Fly in the face of the status quo and laugh out loud!


I saw the ‘man laughing on the train’ video on social media recently – and it’s a classic. There’s nothing quite like a good laugh.

The scene is set with a train full of people. All heading in the same direction but minding their own business, not daring to look one another in the eye. Headphones on, eyes straight ahead, no one says hello and rarely does anyone share so much as a smile. The only noise is the opening and closing of doors, the whooshing as the train gathers speed and the quiet chatter of friends or business colleagues.

Everybody knows the rules. Everybody knows what it is to be normal, to fit in, and how to not stand out in the crowd.

Except for one man; and he’s having the time of his life.

It starts with a smile, then a light chuckle that quickly turns into a full, hearty laugh.

And that laughter, of course, is infectious. At first, it is embarrassed smiles, strange glances and knowing sniggers between friends. But before long even the scowls turn to smiles and we see a train full of laughing people.

This one man, seemingly obliviously, has broken the ice. He’s laughed out loud and then kept on laughing. He’s broken through the awkward silence, sliced through the tension and induced smiles and laughter between strangers. He’s created a light-heartedness that wasn’t there before.

There is something so beautiful in that moment and it makes me smile every time.

And then (of course) I find myself digging a little deeper.

Here we see a bunch of individuals living their separate lives, but all heading in the same direction. Strangers brought together—albeit slightly awkwardly—due to their shared journey. In reality, they share no more than the train ride (and frankly, they have no desire to) but the inhibitions of one man breaks their isolation and lightens the mood.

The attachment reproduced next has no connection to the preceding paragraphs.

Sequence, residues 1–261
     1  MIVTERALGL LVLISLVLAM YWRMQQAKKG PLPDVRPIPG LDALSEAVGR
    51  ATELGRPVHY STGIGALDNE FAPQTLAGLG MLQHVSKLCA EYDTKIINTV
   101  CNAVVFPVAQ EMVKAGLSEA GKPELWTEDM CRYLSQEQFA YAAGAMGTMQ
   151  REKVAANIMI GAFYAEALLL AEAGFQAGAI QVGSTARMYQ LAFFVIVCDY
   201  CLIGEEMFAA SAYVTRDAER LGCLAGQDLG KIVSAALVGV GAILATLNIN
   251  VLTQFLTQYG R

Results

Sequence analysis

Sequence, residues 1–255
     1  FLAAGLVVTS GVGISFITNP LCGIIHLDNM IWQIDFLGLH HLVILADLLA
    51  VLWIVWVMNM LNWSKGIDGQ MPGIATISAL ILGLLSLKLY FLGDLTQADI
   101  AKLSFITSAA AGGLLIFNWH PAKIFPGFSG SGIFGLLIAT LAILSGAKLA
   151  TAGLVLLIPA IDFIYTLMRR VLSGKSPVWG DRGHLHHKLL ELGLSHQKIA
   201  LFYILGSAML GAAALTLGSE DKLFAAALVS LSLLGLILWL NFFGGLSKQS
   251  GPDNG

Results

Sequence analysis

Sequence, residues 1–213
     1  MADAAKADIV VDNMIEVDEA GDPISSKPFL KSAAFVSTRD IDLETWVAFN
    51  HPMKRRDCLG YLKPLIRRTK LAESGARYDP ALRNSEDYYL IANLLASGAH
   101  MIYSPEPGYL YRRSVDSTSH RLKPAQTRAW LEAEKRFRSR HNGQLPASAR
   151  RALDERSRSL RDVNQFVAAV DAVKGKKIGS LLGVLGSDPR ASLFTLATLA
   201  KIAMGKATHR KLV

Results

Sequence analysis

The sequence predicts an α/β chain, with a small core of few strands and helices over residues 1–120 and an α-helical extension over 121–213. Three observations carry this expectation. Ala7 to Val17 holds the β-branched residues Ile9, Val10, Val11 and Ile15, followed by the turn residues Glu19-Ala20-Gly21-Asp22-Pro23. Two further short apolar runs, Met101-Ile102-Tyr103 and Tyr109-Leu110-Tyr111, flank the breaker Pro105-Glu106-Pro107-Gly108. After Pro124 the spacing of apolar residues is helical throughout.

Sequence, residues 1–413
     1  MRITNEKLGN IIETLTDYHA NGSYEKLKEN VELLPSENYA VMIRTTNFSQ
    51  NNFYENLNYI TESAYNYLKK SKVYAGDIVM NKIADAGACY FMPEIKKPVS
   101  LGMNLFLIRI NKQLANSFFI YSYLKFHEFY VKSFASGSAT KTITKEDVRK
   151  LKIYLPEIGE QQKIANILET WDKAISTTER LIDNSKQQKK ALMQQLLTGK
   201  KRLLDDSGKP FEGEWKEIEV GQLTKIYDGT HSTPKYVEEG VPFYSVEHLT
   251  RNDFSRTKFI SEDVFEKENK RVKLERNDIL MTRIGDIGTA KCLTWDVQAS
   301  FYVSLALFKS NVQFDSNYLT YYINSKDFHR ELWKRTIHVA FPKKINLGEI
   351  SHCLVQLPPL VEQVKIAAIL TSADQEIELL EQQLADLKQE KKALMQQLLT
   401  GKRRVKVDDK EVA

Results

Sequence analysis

Chatting to my daughters the other day, I thought of that train ride. I thought of how as families, or even with our friends, we sometimes act just like those strangers on the train. We may be heading in the same direction but we can get so caught up in our own agendas that we find ourselves with our headphones on, not meeting each other’s eyes, no longer sharing our dreams or fears and scowling at any uninvited interruptions. Relationships can feel heavy, tense and uncomfortable and we find ourselves plodding along—like work horses with our blinkers on—focused on our task and just desperate to reach our destination without too many unexpected trip-hazards.

Just like on that train, sometimes we need to break away from the status quo. We may need to break through the ice that has frosted over and created hostility, animosity, coldness or just plain irritability and grumpiness. Perhaps we need to squeeze ourselves out of the mould, lighten up, laugh at ourselves or find something to laugh at that’s quite removed from our present situation. Sometimes it might mean taking a break or walking a different way. Maybe turning up the music and choosing to dance when we would normally drag our feet. Or taking a deep breath, releasing our fists and shaking out the tension. Perhaps we need to find someone to help us see our situation from a different perspective, seek out those who truly make us laugh out loud, or be intentional about enjoying fun times with our loved ones.

Choosing to share the lighter side of life, and learning to laugh together, can pierce through the tension. It can help us release our grip on that which we are holding too tightly and encourage us to build one another up, rather than getting caught in the competition and suspicion.

It may just be a beginning, but I believe it’s a jolly good place to start.

And to the funny man on the train – thank you, you’ve inspired me. Here’s to flying in the face of the status quo and choosing to laugh out loud!

Esther x

(Click on this link to check out the video and have a chuckle!)

About Esther Murray

As a bit of an idealist, Esther often dreams of a world where kindness is the currency and where no one ever suffers from hunger or mistreatment. In the hopes of making some part of this dream a reality, Esther studied a Bachelor of Social Work. She quickly discovered that she probably wasn’t going to save the world but could simply strive to make a difference in her everyday. Much later, as the sea of nappies, toys, teething and tantrums threatened to engulf the dreams of a former life, Esther began to write. Making meaning of a childhood in the Himalayas, the craziness of motherhood and the state of the world was a much-welcomed creative outlet. Esther loves doing life alongside her husband Clive raising their three young daughters. In her down-time Esther can be found drinking tea (never coffee), tinkering on the piano or bass-guitar, practicing her Urdu, rummaging the op-shops, or attempting some kind of DIY.